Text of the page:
Part of international effort to eliminate HIV by 2020
The leader of Case Western Reserve’s AIDS research center has won two of seven grants that amfAR, the Foundation for AIDS Research, awarded last month to support projects advancing the search for a cure for the human immunodeficiency virus (HIV).
Jonathan Karn, the Reinberger Professor of Molecular Biology and chair of the Department of Molecular Biology and Microbiology, was the only scientist to receive funding for two proposals submitted as part of amfAR’s $100 million Countdown to a Cure project, which aims to identify a scientific basis for a cure for HIV by 2020. Emory University also received two awards, but they went to different scholars.
While scientists have made enormous strides in reducing the effects of HIV in patients, they have not yet been able to clear the virus entirely from the patients’ bodies. Instead, it essentially hides within cells, ready to return to action as soon as treatment therapies cease. Even if therapies continue, the virus can contribute to the development of other ailments such as diabetes or heart disease.
Karn’s funding will allow him to pursue two promising paths: first, he will explore the potential of existing approved medications to expose hidden remnants of HIV; second, he will test a new approach to assess the presence of the virus that would be more accurate and less expensive than existing methods.
amfAR has dubbed this group of awards Innovation Grants, in that they are designed to provide early funding for new ideas for which researchers do not yet have sufficient significant data to secure more robust research support. More simply, these $200,000 grants will provide the resources for researchers to gather data necessary to help determine the true potential of the proposed concepts.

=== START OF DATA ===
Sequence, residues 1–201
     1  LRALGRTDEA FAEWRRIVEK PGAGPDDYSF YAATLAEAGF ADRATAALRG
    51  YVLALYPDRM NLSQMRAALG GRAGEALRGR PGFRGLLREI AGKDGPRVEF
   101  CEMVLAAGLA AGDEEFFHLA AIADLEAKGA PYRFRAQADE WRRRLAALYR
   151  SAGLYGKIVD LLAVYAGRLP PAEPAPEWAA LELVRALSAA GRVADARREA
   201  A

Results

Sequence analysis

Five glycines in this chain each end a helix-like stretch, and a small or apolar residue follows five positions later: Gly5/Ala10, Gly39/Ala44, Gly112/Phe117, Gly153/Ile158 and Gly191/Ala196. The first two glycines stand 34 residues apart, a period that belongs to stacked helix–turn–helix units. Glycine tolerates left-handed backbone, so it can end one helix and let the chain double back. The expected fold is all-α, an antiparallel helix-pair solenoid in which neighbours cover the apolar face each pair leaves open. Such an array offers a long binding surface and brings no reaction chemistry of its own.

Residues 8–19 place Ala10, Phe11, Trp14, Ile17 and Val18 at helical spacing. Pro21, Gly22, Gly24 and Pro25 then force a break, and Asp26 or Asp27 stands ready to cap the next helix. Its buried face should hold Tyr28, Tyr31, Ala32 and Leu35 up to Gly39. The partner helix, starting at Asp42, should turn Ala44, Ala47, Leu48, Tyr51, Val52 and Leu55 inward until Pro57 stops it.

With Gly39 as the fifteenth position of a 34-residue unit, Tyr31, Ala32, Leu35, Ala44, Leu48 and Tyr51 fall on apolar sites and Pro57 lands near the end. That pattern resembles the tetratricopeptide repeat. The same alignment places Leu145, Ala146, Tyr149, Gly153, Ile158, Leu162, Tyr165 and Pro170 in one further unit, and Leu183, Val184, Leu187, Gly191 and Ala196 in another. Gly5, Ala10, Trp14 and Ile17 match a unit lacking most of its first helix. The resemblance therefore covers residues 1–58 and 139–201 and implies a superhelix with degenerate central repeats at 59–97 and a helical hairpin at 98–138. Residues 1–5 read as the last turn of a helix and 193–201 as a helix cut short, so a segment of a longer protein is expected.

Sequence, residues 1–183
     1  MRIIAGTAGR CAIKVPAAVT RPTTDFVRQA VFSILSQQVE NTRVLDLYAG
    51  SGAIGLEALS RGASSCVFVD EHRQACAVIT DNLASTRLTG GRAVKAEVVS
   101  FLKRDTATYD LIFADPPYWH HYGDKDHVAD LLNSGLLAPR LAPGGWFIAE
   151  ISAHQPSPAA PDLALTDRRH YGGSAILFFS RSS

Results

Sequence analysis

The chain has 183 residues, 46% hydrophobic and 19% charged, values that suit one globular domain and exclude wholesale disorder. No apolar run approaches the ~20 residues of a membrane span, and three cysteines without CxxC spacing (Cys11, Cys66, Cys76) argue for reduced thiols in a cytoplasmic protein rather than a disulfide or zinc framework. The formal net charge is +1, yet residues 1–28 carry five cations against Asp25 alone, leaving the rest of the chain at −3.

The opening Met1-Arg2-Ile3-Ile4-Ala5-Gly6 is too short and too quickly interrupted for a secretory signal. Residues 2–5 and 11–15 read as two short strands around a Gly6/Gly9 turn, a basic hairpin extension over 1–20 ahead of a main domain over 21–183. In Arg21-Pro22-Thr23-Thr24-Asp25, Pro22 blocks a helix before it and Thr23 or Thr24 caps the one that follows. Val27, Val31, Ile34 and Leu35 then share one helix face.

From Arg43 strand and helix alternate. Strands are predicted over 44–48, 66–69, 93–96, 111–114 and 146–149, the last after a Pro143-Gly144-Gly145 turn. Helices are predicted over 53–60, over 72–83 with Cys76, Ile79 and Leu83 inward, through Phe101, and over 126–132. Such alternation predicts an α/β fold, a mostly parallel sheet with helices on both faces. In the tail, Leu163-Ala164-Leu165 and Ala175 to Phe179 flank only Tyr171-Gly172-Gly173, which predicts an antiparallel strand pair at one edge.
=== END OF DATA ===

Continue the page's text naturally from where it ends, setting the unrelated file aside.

Karn, director of the Case Center for AIDS Research, has been engaged in the battle against HIV and AIDS for decades. In fact, he previously discovered that estrogen can significantly reverse viral latency, or the ability of HIV to remain in the body in the resting “reservoir” phase. His first proposal will support study of other hormones to see whether they have comparable effects.
The second project will seek to address the most problematic aspects of existing approaches to determine how many of the body’s cells contain HIV. First, existing methods require large amounts of blood to establish an accurate measure, which makes testing particularly difficult for patients. Second, these methods also can be prohibitively expensive. Karn’s approach requires much less blood, reducing both the physical and cost burdens; the amfAR grant will allow experiments to determine if the approach is as accurate and efficient as hoped.
The other recipients are Celsa Spina of University of California in San Diego; Andrés Finzi of Université de Montréal; Maud Mavigner and Mirko Paiardini both of Emory University; and James Stivers, of Johns Hopkins University.
This research is supported by amfAR grants 109348-59-RGRL and 109347-59-RGRL.